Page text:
8. The method of claim 7 wherein said diffusing of said first and second diffusants simultaneously is followed by:

providing a second insulative layer substantially on said first insulative layer, said second insulative layer being of a kind capable of being melted at temperatures and within time durations sufficiently small to prevent significant altering of said diffused device;

melting and resolidifying said second insulative layer;

and

depositing metal on said second insulative layer whereby an interconnection network is provided with first means to electrically contact said doped polysilicon located at said first exposure and with second means to electrically contact said outer major surface at a second exposure thereof provided through another opening in said first insulative layer and through an opening in said second insulative layer, said second exposure located within said selected area.

9. The method of claim 8 wherein said providing of said first diffusant is accomplished by diffusing said first diffusant shallowly into said first layer through said selected area in an initial diffusion and said outer major surface is oriented in substantially a orientation.

10. The method of claim 9 wherein said second diffusant is arsenic and said first layer is silicon.

11. The method of claim 10 wherein said first insulative layer is silicon dioxide and said second insulative layer is phosphorus doped silicon dioxide.

12. The method of claim 7 wherein said diffusing of said first and second diffusants simultaneously is followed by:

providing a colloidal dispersion substantially on said first insulative layer, said colloidal dispersion having a first insulating material dispersed in a liquid dispersive medium and being capable of adhering to said first insulative layer and to said doped polysilicon,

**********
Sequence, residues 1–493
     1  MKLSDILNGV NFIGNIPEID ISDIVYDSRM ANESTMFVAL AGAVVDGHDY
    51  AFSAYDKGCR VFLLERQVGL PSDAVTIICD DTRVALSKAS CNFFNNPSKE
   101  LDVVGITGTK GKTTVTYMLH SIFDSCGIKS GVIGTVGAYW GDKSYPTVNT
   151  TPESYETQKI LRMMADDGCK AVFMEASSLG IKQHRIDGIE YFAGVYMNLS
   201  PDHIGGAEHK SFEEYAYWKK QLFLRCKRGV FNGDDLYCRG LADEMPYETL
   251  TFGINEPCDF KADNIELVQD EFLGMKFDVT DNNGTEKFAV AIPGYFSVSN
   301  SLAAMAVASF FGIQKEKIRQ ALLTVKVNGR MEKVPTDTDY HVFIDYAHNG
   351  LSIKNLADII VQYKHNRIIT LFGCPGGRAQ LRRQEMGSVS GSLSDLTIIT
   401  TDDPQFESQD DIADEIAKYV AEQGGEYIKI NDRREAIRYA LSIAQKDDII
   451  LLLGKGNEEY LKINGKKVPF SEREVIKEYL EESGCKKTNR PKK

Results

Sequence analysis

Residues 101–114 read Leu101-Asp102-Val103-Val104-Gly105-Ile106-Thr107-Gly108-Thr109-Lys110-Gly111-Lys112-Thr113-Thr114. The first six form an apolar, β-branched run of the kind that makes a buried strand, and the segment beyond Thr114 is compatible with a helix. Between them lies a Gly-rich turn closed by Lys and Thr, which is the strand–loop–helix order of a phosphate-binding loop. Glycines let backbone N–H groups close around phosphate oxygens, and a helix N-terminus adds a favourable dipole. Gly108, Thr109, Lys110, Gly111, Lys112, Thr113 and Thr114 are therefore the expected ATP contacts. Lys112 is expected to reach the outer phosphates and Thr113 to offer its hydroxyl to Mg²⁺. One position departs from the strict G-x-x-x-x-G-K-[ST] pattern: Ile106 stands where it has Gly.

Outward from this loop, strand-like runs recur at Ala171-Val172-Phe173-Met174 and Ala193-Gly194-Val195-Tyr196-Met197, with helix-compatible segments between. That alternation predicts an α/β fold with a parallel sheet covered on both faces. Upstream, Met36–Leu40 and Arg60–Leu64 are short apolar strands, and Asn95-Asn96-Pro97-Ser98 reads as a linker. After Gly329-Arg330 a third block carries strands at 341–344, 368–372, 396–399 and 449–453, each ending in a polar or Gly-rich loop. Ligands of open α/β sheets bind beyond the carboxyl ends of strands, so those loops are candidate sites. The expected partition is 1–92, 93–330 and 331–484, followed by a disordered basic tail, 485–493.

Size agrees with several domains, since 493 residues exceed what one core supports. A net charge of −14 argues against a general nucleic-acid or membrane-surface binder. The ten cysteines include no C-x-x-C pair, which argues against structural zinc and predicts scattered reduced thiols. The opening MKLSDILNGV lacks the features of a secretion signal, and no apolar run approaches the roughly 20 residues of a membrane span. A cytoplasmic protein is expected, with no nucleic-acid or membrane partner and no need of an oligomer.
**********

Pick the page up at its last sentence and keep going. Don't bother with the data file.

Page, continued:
evaporating said liquid dispersive medium to provide a film of said first insulating material substantially on said first insulating layer,

depositing a second insulating material on said film whereby a second insulative layer comprising said film and said second insulating material as deposited is provided, and

depositing metal on said second insulative layer whereby an interconnection network is provided with first means to electrically contact said doped polysilicon located at said first exposure and with second means to electrically contact said outer major surface at a second exposure thereof provided through another opening in said first insulative layer and through an opening in said second insulative layer, said second exposure located within said selected area.

13. The method of claim 12 wherein said providing of said first diffusant is accomplished by diffusing said first diffusant shallowly into said first layer through said selected area in an initial diffusion and said outer major surface is oriented in substantially a (100) orientation.

[4. The method of claim 4 wherein said second diffusant is arsenic and said first layer is silicon.

15. The method of claim 14 wherein said first insulative layer is silicon dioxide and said liquid dispersive medium is alcohol and said first and second insulating materials are silicon dioxide.

16. The method of claim 15 wherein said silicon dioxide is doped with phosphorus.

17. The method of claim 7 wherein said second diffusant is arsenic.

18. A method for constructing a semiconductor device at an outer major surface of a first layer of silicon of a first conductivity type, said method comprising:

providing a first diffusant at a selected area of said outer major surface, said first diffusant being of a kind tending to cause said first layer to be locally of a second conductivity type when diffused therein;

providing a first insulative layer on said outer major surface with an opening in said first insulative layer to provide a first exposure of a portion of said selected area;

providing arsenic as a second diffusant at said opening with i) said second diffusant as provided being of a kind to substantially diffuse behind said first diffusant, as provided, when simultaneously diffused therewith inwardly into said first layer, and ii) said second diffusant, as provided, being of a kind capable of limiting progress of a diffusion of said first diffusant, as provided along directions substantially perpendicular to said outer major surface where said second diffusant is simultaneously diffused along said directions in sufficiently close proximity to said first diffusant, relative to progress of said diffusion of said first diffusant where said second diffusant is relatively remote from said diffusion of said first diffusant; and